The Merchant Marine and Shipping legislation of the Kingdom of Mount Vema will come into operation next week as soon as it receives the Royal Mount Vema Seal of Approval.
The draft legislation will be presented to His Mount Vema Majesty the King Peter Goldishman next week to seek His Majesty’s approval before the legislation becomes law of the territory.
If passed, the legislation will be an Act relating to the Kingdom of Mount Vema merchant marine and shipping, with provisions for registrations of ships and seamen, fishing vessels, liability of ship owners, seaman’s wages, crew accommodation, safety and health on ships, passenger ships, and prevention of pollution from ships.
Regulation of transfers between ships in territorial waters are included – The draft proposes that The Secretary of State may by regulations make, in relation to the transfer of cargo, stores, bunker fuel or ballast between ships while within the Kingdom of Mount Vema waters, such provision as he considers appropriate for preventing pollution and discharge of oil from ships into the waters of the Kingdom of Mount Vema, danger to health or to navigation, or hazards to the environment or to natural resources.
The draft legislation also includes the flag which every Mount Vema ship is entitled to fly - the White and Golden color with a white square in the center, defined by a blue and red square, as well as offences relating to carrying improper colors, including the Royal Seal of Mount Vema.
Proceedings on forfeiture of a ship is also included, obligation of ship-owners as to seaworthiness, manning, qualifications, training and uniform, financial assistance for training, offences by seamen, concerted disobedience and neglect of duty, and breaches by seamen of codes of conduct.
On civil liability for smuggling, if a seaman employed in a Kingdom of Mount Vema ship is found in civil proceedings before a Kingdom of Mount Vema court to have committed an act of smuggling, whether within or outside the Kingdom of Mount Vema, he should be liable to make good any loss or expense that the act has caused to any other person.
The draft legislation also covers civil liability for fines imposed under immigration rules, relief and repatriation and relief costs, return of seamen left behind and shipwrecked, report of dangers to navigation, assistance at sea, duty of ship to assist the other in case of collision, duty to assist aircraft in distress, and power to establish temporary exclusion zones.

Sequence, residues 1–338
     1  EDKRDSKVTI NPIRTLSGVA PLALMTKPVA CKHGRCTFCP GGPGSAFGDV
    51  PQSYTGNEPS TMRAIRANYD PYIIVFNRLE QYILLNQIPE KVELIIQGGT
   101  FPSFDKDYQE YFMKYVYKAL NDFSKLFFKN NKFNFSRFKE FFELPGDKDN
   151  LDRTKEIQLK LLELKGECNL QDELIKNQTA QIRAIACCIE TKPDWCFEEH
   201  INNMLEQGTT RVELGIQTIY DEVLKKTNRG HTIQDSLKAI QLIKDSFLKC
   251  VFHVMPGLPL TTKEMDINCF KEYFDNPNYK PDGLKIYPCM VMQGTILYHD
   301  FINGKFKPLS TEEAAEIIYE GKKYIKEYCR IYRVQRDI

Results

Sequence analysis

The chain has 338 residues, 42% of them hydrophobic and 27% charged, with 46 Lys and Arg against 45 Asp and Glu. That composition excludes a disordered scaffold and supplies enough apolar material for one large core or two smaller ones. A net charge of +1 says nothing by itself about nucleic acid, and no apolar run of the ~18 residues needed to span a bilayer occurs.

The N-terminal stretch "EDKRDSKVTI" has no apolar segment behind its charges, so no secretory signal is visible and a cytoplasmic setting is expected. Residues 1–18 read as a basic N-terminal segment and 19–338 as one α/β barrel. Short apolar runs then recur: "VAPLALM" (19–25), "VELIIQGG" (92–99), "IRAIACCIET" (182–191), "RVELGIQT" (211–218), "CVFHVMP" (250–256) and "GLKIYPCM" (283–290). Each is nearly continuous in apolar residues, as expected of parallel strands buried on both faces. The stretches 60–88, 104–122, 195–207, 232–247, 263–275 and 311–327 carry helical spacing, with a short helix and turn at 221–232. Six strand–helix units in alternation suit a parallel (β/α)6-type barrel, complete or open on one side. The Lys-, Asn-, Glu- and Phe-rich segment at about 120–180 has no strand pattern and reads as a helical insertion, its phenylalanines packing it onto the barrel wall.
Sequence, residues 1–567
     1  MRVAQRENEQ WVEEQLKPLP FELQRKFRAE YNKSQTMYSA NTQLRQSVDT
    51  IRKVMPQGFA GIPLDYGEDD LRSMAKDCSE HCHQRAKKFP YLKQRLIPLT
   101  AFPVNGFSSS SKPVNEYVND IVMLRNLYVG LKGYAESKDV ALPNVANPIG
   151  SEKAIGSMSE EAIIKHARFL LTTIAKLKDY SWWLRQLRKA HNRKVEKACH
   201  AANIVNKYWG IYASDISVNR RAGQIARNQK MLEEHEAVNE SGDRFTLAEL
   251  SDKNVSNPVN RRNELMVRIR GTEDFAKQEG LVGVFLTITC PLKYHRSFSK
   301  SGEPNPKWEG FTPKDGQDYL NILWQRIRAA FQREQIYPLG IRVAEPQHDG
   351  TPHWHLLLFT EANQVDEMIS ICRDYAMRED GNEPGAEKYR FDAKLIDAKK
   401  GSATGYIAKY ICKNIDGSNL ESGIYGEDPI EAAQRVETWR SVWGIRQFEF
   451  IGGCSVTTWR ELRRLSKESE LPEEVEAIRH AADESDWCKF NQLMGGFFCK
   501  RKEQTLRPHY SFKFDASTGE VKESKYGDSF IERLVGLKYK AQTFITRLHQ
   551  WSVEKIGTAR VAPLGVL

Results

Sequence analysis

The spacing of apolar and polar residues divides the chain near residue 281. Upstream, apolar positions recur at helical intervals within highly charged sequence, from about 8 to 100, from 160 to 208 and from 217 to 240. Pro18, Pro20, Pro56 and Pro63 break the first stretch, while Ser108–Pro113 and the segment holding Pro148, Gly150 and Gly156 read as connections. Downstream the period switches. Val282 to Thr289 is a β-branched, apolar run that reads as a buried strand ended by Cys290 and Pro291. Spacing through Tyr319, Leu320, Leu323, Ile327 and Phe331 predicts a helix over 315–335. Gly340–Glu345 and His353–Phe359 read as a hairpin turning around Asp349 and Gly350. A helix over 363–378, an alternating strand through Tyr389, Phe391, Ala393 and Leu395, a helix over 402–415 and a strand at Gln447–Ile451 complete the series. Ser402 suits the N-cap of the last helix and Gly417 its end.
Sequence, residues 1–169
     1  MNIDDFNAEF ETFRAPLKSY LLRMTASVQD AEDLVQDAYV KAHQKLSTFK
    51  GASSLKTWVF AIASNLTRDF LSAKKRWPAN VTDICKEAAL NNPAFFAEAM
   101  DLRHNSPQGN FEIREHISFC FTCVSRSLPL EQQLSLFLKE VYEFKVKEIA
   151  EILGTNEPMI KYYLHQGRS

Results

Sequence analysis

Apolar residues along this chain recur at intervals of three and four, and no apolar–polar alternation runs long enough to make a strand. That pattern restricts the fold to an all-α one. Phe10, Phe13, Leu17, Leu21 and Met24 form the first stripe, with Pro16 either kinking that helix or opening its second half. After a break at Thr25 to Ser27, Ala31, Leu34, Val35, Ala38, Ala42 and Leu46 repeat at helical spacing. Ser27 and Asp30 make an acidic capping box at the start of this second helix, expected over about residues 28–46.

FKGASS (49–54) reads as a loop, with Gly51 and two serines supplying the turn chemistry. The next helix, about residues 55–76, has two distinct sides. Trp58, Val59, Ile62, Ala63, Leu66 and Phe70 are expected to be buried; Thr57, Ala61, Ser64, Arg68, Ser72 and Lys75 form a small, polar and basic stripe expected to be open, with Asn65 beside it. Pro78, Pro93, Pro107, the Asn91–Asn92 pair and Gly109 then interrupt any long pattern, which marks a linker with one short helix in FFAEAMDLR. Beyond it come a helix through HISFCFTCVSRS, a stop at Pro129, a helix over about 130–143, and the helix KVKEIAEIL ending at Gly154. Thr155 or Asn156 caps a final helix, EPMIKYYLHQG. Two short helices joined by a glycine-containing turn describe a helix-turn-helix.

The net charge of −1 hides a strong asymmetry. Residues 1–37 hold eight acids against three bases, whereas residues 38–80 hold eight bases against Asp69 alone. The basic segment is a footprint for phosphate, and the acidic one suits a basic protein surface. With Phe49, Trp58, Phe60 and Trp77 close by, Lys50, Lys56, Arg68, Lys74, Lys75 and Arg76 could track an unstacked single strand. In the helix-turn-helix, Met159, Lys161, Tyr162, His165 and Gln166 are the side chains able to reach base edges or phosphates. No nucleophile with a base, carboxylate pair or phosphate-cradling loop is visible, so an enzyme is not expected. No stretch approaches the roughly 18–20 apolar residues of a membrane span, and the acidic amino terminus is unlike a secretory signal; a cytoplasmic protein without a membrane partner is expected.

Also sections related to Mount Vema seamen’s cards, where The Secretary of State for the Territory may make regulations providing for the issue to Mount Vema seamen of cards for requiring Mount Vema seamen to apply for such cards and for requiring the holders of Mount Vema seamen’s cards to produce them to such persons and in such circumstances as may be prescribed by the regulations; and control of, and returns as to, persons on ships.
The draft legislation also specifies offences in connection with passenger ships, and the power to exclude drunken passengers from certain passenger ships, and regulations in connection to births and deaths in ships, and fishing vessel certificates and construction rules.
If approved, the draft which has more than 200 pages will come into operation by the end of next week.
Vema Seamount Legislation
The Statutory Laws of the Kingdom of Mount Vema
Law of the Sea Treaty (United Nations Convention on the Law of the Sea)
MARPOL 73/78 (International Convention for the Prevention of Pollution from Ships)
The Vienna Convention on Diplomatic Relations of 1961
The Vienna Convention on Consular Relations 1963
The Right to Self-Determination
Many believe because our community is not a member of the United Nations and is only just over a decade old, doing business with the Kingdom of Mount Vema is not possible for foreign nationals and foreign companies seeking to take advantage of the business opportunities the floating city project is creating. Nothing could be further from the truth. The territory doesn't need a United Nations membership to function as a sovereign territory, or to exercise its inalienable right for self-determination